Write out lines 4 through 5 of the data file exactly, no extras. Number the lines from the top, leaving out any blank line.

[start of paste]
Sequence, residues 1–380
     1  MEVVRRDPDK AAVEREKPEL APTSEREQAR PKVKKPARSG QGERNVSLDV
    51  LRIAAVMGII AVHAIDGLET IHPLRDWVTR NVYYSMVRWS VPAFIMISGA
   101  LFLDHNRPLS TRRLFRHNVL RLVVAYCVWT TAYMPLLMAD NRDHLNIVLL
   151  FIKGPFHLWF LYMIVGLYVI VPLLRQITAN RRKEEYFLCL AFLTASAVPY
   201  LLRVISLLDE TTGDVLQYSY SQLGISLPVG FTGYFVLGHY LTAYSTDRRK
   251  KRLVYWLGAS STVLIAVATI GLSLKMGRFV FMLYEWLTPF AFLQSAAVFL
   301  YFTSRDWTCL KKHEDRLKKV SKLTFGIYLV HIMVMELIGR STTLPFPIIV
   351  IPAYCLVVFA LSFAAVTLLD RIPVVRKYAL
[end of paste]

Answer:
   101  LFLDHNRPLS TRRLFRHNVL RLVVAYCVWT TAYMPLLMAD NRDHLNIVLL
   151  FIKGPFHLWF LYMIVGLYVI VPLLRQITAN RRKEEYFLCL AFLTASAVPY